Study reshapes understanding of climate change's impact on early societies
Tue, 17 Oct 2017 12:43:35 EDT
A new study linking paleoclimatology -- the reconstruction of past global climates -- with historical analysis shows a link between environmental stress and its impact on the economy, political stability, and war-fighting capacity of ancient Egypt.
Paleogenomic analysis sheds light on Easter Island mysteries
Thu, 12 Oct 2017 12:30:46 EDT
New paleogenomic research appears to rule out the likelihood that inhabitants of Easter Island intermixed with South Americans prior to the arrival of Europeans on the island in 1722.
The making of medieval bling
Wed, 11 Oct 2017 12:03:24 EDT
Gold has long been valued for its luxurious glitter and hue, and threads of the gleaming metal have graced clothing and tapestries for centuries. Determining how artisans accomplished these adornments in the distant past can help scientists restore, preserve and date artifacts, but solutions to these puzzles have been elusive. Now scientists have revealed that medieval artisans used a gilding technology that has endured for centuries.
Ancient humans left Africa to escape drying climate
Wed, 04 Oct 2017 15:12:31 EDT
Humans migrated out of Africa as the climate shifted from wet to dry about 60,000 years ago, according to new paleoclimate research. What the northeast Africa climate was like when people migrated from Africa into Eurasia between 70,000 and 55,000 years ago is still uncertain. The new research shows around 70,000 years ago, the Horn of Africa climate shifted from a wet phase called 'Green Sahara' to even drier than the region is now.
Modern humans emerged more than 300,000 years ago new study suggests
Thu, 28 Sep 2017 14:20:16 EDT
A genomic analysis of ancient human remains from KwaZulu-Natal revealed that southern Africa has an important role to play in writing the history of humankind.
Earliest evidence for a native African cultigen discovered in Eastern Sudan
Wed, 27 Sep 2017 16:20:11 EDT
Archaeologists examining plant impressions within broken pottery have discovered the earliest evidence for domesticated sorghum in Africa.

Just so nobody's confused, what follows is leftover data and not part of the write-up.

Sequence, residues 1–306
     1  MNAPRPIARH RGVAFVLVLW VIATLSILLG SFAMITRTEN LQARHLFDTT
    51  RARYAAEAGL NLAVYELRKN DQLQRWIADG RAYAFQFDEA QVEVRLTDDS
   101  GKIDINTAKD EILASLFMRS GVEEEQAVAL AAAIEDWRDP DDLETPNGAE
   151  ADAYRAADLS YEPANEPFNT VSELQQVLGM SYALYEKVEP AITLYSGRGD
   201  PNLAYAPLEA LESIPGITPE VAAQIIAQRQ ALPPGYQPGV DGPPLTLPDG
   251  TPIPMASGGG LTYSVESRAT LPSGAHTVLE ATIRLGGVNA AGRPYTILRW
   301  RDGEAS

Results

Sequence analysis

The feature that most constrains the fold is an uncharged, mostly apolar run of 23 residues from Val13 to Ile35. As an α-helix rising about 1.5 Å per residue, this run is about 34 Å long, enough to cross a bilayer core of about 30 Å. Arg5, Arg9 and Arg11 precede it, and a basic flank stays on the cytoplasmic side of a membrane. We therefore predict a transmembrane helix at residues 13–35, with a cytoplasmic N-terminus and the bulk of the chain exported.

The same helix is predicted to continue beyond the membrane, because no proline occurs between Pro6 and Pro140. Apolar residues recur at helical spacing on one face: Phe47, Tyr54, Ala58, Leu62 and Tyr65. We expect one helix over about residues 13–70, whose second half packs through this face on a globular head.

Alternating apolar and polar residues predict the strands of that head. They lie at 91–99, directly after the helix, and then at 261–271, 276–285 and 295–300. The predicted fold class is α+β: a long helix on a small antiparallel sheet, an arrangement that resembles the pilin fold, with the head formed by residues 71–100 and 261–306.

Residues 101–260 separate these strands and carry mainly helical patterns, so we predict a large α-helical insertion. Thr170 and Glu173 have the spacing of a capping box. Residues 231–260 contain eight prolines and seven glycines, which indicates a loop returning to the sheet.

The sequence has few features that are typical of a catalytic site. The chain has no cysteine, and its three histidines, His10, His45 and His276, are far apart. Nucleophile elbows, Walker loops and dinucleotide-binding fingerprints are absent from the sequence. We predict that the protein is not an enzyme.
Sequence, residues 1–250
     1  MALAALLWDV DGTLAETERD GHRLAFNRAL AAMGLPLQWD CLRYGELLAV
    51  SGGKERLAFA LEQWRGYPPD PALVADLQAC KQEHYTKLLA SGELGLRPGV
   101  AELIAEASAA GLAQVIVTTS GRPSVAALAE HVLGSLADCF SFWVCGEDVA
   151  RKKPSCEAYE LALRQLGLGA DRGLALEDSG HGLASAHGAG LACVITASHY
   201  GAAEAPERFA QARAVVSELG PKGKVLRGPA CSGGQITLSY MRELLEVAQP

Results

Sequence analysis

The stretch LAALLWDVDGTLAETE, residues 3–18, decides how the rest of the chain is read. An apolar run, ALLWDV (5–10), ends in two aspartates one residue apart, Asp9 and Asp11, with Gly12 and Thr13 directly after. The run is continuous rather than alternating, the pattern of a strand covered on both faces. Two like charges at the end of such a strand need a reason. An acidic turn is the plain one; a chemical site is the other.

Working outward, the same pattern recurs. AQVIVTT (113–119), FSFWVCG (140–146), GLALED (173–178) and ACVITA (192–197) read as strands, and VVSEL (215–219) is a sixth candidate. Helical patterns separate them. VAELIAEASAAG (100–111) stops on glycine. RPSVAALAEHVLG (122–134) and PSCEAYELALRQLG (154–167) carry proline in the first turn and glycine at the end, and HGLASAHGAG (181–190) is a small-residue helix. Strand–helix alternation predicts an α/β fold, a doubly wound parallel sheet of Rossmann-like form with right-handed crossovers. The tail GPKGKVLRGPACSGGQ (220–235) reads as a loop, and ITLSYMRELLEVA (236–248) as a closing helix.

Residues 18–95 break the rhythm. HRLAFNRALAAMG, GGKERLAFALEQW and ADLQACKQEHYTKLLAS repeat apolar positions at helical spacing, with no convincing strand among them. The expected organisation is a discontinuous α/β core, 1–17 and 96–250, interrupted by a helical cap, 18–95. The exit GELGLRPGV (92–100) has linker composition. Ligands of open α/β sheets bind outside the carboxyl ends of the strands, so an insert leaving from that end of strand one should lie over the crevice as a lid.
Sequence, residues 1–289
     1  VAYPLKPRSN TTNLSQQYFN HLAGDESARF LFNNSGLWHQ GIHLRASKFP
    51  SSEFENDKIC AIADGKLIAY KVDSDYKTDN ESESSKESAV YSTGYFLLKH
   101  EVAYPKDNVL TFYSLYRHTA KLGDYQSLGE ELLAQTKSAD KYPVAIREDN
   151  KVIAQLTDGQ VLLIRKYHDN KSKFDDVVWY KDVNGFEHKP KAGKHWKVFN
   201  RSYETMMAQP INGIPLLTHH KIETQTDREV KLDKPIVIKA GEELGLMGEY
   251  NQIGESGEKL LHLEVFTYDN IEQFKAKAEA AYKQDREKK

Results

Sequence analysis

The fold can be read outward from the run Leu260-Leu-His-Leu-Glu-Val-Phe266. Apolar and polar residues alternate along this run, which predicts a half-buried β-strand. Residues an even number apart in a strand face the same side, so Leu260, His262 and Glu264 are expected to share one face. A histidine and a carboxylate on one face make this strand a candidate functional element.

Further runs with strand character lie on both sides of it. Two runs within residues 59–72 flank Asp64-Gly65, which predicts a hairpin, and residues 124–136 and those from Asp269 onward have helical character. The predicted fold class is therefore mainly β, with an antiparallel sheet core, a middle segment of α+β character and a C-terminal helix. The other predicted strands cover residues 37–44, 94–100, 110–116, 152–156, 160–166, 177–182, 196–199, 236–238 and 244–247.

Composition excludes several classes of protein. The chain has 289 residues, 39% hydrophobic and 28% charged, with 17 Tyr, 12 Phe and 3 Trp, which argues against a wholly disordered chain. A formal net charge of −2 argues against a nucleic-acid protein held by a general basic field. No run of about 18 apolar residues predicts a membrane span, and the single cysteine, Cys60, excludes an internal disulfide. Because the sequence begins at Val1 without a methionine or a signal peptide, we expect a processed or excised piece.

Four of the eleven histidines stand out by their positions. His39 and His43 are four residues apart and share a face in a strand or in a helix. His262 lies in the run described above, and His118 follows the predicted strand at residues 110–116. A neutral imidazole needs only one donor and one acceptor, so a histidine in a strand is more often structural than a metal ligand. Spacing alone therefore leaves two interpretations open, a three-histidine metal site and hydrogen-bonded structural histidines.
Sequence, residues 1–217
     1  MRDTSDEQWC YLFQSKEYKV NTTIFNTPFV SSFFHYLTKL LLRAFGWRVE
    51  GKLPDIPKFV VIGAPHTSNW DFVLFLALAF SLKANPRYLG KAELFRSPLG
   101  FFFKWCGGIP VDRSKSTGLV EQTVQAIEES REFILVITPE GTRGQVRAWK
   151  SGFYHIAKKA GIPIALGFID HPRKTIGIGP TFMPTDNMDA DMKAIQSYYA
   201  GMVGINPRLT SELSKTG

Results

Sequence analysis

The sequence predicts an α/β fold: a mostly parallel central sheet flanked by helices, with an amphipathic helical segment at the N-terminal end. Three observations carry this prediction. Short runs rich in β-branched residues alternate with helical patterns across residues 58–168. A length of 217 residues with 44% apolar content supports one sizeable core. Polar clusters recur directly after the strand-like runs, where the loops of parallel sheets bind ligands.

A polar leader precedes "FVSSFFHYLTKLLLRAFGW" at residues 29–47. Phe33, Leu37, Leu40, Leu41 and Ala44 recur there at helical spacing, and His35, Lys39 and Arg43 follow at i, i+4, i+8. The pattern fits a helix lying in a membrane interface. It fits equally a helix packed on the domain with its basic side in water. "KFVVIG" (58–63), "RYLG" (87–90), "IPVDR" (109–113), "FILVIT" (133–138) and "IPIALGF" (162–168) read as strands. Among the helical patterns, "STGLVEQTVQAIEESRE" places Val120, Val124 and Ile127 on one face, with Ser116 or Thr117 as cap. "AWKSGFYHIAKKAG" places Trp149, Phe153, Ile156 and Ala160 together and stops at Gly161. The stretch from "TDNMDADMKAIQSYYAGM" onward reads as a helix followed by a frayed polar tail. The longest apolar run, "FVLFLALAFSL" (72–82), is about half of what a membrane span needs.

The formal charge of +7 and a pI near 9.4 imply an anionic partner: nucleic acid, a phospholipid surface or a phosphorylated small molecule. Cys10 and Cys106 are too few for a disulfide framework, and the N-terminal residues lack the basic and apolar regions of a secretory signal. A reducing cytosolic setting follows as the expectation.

Ancient textiles reveal differences in Mediterranean fabrics in the 1st millennium BC
Fri, 22 Sep 2017 09:40:34 EDT
Analysis of Iron Age textiles indicates that during c. 1000-400 BC Italy shared the textile culture of Central Europe, while Greece was largely influenced by the traditions of ancient Near East.
Ancient DNA data fills in thousands of years of human prehistory in Africa
Thu, 21 Sep 2017 14:13:11 EDT
By sequencing the ancient genomes of 15 individuals from different parts of Africa, researchers reporting in the journal Cell on Sept. 21 have reconstructed the prehistory of humans on the continent, going back thousands of years. The findings shed light on which human populations lived in eastern and southern Africa between 8,000 and 1,000 years ago, the researchers say.
Reconstructing how Neanderthals grew, based on an El Sidrón child
Thu, 21 Sep 2017 14:12:15 EDT
How did Neanderthals grow? Does modern man develop in the same way as Homo neanderthalensis did? How does the size of the brain affect the development of the body? Researchers have studied the fossil remains of a Neanderthal child's skeleton in order to establish whether there are differences between the growth of Neanderthals and that of sapiens.
An extraordinary cave animal found in Eastern Turkmenistan
Thu, 21 Sep 2017 09:02:59 EDT
A remote cave in Eastern Turkmenistan was found to shelter a marvelous cave-adapted inhabitant that turned out to represent a species and genus new to science. This new troglodyte is the first of its order from Central Asia and the first strictly subterranean terrestrial creature recorded in the country.